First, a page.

Aki Ra has become renowned for his dedication to locating and disarming landmines throughout Cambodia, which of course is dangerous work. His plight has been sponsored by many organisations internationally, and the museum displays various types of landmines, information about them, and information about his life and experiences both with the Khmer Rouge and the aftermath for Cambodia (particularly related to landmines). He has also set up a home for children who have suffered injuries due to landmines, which is apparently set up behind the museum (though I didn't see this). There is a wall full of stories they've written about their experiences, and a room with artworks they've made for sales, though they were ranging upwards from about $100. It was quite cool, but unfortuantely another reminder to me about the horror that the US has blindly caused for people across the world. I'm certainly not racist against the US and its citizens, just some of their previous men in power are absolute idiots and it cools my blood to think about how much terror could have been saved if they hadn't been involved.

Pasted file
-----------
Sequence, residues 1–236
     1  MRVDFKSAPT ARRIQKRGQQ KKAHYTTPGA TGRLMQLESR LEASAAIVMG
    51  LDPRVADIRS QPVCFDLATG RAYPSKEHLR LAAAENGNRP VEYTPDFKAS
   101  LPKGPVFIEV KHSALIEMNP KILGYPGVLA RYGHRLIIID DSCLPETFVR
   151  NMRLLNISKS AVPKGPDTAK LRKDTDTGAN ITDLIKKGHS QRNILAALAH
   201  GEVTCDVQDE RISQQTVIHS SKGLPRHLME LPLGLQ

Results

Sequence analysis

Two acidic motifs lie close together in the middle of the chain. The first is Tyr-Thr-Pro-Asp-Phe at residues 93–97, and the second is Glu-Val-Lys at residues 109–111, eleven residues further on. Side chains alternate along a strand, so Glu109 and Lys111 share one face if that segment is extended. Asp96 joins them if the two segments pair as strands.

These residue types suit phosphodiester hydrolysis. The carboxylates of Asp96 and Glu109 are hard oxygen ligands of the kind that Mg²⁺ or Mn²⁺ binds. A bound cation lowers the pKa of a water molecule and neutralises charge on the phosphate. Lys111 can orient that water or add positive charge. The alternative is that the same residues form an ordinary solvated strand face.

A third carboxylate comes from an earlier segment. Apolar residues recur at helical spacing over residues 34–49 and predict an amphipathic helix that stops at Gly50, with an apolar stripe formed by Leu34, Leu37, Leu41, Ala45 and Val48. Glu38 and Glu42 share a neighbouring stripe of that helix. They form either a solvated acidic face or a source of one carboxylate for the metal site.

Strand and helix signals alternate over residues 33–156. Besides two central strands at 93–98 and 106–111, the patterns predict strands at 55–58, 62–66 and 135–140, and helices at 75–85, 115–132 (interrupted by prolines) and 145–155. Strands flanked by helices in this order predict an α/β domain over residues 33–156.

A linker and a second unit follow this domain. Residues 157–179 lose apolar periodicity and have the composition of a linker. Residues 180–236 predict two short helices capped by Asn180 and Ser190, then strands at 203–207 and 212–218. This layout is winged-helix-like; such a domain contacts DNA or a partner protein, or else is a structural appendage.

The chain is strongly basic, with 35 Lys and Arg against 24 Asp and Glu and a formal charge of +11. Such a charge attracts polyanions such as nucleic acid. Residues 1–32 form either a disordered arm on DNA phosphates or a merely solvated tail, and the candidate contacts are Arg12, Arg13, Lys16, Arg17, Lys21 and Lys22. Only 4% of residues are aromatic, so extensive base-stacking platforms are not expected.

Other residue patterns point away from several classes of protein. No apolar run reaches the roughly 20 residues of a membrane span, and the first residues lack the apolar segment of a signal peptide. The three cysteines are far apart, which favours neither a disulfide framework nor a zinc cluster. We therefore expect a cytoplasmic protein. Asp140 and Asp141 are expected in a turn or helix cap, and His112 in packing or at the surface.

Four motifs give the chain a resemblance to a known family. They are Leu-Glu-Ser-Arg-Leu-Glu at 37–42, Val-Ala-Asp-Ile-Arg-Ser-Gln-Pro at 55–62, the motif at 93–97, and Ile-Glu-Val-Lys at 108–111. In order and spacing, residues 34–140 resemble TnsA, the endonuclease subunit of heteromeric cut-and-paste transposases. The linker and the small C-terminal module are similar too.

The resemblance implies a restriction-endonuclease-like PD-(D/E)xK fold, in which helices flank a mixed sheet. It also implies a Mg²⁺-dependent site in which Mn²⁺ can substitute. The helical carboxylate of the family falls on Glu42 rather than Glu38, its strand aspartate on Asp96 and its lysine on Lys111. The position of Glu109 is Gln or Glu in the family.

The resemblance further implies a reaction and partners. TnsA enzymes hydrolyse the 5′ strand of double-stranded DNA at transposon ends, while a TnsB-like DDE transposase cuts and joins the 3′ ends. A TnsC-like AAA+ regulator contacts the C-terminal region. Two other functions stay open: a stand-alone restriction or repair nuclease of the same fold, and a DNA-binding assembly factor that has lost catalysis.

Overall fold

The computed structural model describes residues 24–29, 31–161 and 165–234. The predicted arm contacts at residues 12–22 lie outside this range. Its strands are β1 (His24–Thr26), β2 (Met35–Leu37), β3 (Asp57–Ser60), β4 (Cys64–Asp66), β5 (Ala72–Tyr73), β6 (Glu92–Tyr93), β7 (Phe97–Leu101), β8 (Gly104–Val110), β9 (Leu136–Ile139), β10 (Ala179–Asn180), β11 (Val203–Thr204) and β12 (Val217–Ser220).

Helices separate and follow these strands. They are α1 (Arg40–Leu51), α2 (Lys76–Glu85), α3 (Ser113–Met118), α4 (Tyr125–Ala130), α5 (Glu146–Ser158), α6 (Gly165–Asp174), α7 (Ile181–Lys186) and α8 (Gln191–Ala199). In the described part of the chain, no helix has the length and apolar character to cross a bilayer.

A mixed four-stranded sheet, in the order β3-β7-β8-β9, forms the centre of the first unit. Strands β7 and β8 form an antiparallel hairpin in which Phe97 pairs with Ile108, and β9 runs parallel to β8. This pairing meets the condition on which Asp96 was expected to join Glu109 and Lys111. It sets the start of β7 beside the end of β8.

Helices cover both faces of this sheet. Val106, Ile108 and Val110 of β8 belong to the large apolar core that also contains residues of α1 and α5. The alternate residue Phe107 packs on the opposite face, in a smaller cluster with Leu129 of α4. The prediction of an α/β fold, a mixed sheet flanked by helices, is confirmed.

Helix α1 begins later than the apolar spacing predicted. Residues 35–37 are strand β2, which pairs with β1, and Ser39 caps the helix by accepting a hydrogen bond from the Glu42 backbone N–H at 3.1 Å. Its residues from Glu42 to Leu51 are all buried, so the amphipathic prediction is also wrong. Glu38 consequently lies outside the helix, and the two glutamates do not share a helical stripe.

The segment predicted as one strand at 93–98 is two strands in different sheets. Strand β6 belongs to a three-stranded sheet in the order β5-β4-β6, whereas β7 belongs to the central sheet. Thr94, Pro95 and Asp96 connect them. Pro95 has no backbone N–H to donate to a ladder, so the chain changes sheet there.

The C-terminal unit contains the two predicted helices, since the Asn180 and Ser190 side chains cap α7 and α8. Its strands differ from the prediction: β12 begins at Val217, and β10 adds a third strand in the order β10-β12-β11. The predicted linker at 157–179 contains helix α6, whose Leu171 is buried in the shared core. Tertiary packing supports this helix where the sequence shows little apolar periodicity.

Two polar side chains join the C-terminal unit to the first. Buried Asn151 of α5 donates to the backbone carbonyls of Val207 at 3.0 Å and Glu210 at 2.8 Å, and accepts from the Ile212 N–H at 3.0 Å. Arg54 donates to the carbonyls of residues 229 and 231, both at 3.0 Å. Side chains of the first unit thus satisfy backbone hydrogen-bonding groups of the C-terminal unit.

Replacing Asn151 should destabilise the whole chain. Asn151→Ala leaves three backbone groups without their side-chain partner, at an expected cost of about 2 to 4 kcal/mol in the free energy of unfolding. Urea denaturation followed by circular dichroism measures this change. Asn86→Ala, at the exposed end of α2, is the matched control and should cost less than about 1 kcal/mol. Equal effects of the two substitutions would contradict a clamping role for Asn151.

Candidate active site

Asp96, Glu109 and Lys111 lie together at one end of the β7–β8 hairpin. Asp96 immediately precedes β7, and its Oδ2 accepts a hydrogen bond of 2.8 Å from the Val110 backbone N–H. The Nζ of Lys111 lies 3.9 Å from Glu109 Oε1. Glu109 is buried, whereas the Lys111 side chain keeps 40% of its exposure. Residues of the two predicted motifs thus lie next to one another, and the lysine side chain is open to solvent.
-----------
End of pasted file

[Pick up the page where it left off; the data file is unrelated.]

On the drive back I took notice of all the small villages by the side of the road and saw many children playing volleyball which was pretty cool. After that I just chilled out at the hostel, got some food and watched movies as I have to be up bright and early tomorrow for the sunrise at Angkor Wat! I don't think there's much else to report as I've really just enjoyed hanging out. PS - uploading photos is a bit of a pain on this so I've been putting some on Facebook, so check them out, and hopefully I'll upload more both onto here and onto Facebook when I have some better internet and more patience.